The Corner


David Koch and His Name

David H. Koch (1940–2019) (Carlo Allegri / Reuters)

Kevin (Williamson) has written a piece about David Koch and his devotion to the arts, especially ballet. (The piece is about other things than that — it is a superb piece, making important points — but that is one aspect.) A lot of people who work in the David H. Koch Theater . . . aren’t crazy about the name. I am putting it as mildly as possible. I have also heard the theater called by a vulgar name.

Anti-Koch denizens of Lincoln Center object to his politics. But then, he objected to theirs — and they are benefiting from his generosity.

Anyway, I wanted to say something about the naming of that theater. Let me quote from an essay I wrote in 2015, when Mount McKinley became “Denali.” That essay was called “Goodbye, McKinley: The rise and fall of names.”

In the early 1970s, a man named Avery Fisher endowed the concert hall at New York’s Lincoln Center. So for all this time it has been “Avery Fisher Hall.” But the Lincoln Center people wanted to upgrade the place. To do that, they needed lots of money, and that meant an offer of “naming rights.” The Fisher family pitched a fit and threatened legal action: They figured Avery’s name should be on the hall forever. Ultimately, they were paid off ($15 million), and Lincoln Center found a new donor: David Geffen, of Hollywood. He pledged $100 million, and, starting this season, the hall will be David Geffen Hall.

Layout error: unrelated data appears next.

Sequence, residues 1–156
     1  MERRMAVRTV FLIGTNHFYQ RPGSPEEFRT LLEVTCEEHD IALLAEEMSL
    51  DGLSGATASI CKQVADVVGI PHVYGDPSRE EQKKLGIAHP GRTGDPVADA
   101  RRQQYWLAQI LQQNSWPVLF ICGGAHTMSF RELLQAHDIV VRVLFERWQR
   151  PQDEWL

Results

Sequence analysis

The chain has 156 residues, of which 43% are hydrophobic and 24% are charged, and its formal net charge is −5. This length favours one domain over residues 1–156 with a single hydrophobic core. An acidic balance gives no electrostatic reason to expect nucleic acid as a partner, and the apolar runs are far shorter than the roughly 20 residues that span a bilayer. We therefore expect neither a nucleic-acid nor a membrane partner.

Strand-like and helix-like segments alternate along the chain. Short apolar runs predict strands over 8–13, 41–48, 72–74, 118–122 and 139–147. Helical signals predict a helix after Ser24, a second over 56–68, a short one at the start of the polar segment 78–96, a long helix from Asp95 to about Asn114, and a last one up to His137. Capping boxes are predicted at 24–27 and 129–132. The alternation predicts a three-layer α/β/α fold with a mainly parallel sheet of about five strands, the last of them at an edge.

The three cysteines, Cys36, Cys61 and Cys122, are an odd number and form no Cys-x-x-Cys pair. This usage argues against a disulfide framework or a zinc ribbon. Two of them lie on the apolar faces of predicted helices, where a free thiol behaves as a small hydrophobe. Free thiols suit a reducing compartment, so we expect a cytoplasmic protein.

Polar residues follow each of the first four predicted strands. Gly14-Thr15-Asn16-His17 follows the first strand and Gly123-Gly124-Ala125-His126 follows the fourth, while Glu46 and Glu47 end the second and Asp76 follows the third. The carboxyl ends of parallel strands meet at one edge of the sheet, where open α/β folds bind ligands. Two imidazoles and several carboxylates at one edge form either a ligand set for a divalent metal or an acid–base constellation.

Across the plaza is the David H. Koch Theater, formerly the New York State Theater. In 2008, this Koch brother pledged — as Geffen would — $100 million. And he said that, after 50 years, his name could go. A half a century was enough. “A naming opportunity should be a defined length of time to allow the institution to regenerate itself with another round of major fundraising,” Koch said. Geffen has a different view — and has said that his name must be on the concert hall forever.

Look, it’s none of my business — and Geffen’s generosity “cannot be gainsaid,” as WFB would say — but good for Koch.

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